• CreateJS
              • EaselJS
              • TweenJS
              • PreloadJS
              • SoundJS
              • CreateJS Toolkit
                • Setting up the Toolkit
                • Publishing your assets
                • Reviewing the CreateJS Toolkit output
            • Modernizr
              • Using Modernizr
                • Understanding Polyfills
                • Modernizr.load()
              • What Modernizr can detect
            • CSS media queries
            • Summary
            • Chapter 6: HTML5 Frameworks and Libraries
              • How frameworks and libraries can make your life easier?
                • What can I do with JavaScript frameworks and libraries?
                • Finding the right library or framework for your project
              • jQuery
                • Putting jQuery into action
                • Selecting elements with jQuery
                • Controlling CSS via jQuery
                  • CSS animations
                • Requesting external data with jQuery Ajax
                • jQuery Mobile
              • HTML5 Boilerplate
              • Bootstrap
                • Bootstrap add-ons
                  • StyleBootstrap.info
                  • Font Awesome
                  • bootstrap-wysihtml5
              • Hammer.js
              • GreenSock Animation Platform
              • Three.js
              • Compiling JavaScript
                • Google's V8 Engine
                • Node.js
                • Node Package Manager
                • Hosting a public Node.js server
              • Summary
              • Chapter 7: Choosing How You Develop
                • Replacing the Flash development environment
                • Requirements of HTML5 development environments
                  • Asset and file management
                  • Code highlighting
                  • Code completion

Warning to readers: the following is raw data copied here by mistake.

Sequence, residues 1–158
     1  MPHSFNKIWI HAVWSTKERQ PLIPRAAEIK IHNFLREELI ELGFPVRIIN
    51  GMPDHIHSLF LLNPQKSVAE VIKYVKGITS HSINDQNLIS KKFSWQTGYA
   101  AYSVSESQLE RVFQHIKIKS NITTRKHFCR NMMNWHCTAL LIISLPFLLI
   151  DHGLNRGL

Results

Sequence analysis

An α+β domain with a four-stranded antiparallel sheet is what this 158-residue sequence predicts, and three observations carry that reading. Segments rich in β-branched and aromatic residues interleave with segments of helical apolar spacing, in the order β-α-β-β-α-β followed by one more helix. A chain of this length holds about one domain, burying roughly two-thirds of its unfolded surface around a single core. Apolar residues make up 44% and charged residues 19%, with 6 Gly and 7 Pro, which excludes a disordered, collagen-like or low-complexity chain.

• Creating and manipulating assets
                    • Adobe Edge Animate
                  • Coding environments
                    • Adobe Dreamweaver CS6
                    • Aptana
                    • Brackets
                    • Sublime Text
                • Execution and testing
                  • Web browser developer consoles
                    • Network analysis
                    • Timeline profiling
                  • Stats.js
                • Summary
                • Chapter 8: Exporting to HTML5
                  • Google Swiffy
                    • How does Swiffy work?
                    • Examining Swiffy-generated code
                    • Finding Swiffy's limits
                  • Generating sprite sheets in Flash Professional CS6
                  • Jangaroo
                  • Haxe
                  • Google Dart
                  • Summary
                  • Chapter 9: Avoiding the Roadblocks
                    • The Jet Pack game
                      • Building the game in Flash
                      • Converting game assets
                      • Converting ActionScript classes
                    • Dealing with audio and playback
                    • Rewriting AS3 code that can't be directly converted
                    • Mobile platform support
                    • Summary
                    • Chapter 10: Preparing for Release
                      • Targeting supported web browsers
                      • Client-side tests
                        • Browser Nightly builds
                        • WebRTC
                      • WebGL support
                        • WebGL on mobile browsers
                      • Allowing users to find your work
                        • The HTML5 History API
                      • Premade testing and benchmark solutions
                        • Google's web development toolset
                        • YSlow website grading
                      • Code minimizing and obfuscation
                      • External dependencies
                      • Making deployment easy
                        • Creating tasks with Grunt
                        • Deploying content with Git
                      • Summary

                      Matt Fisher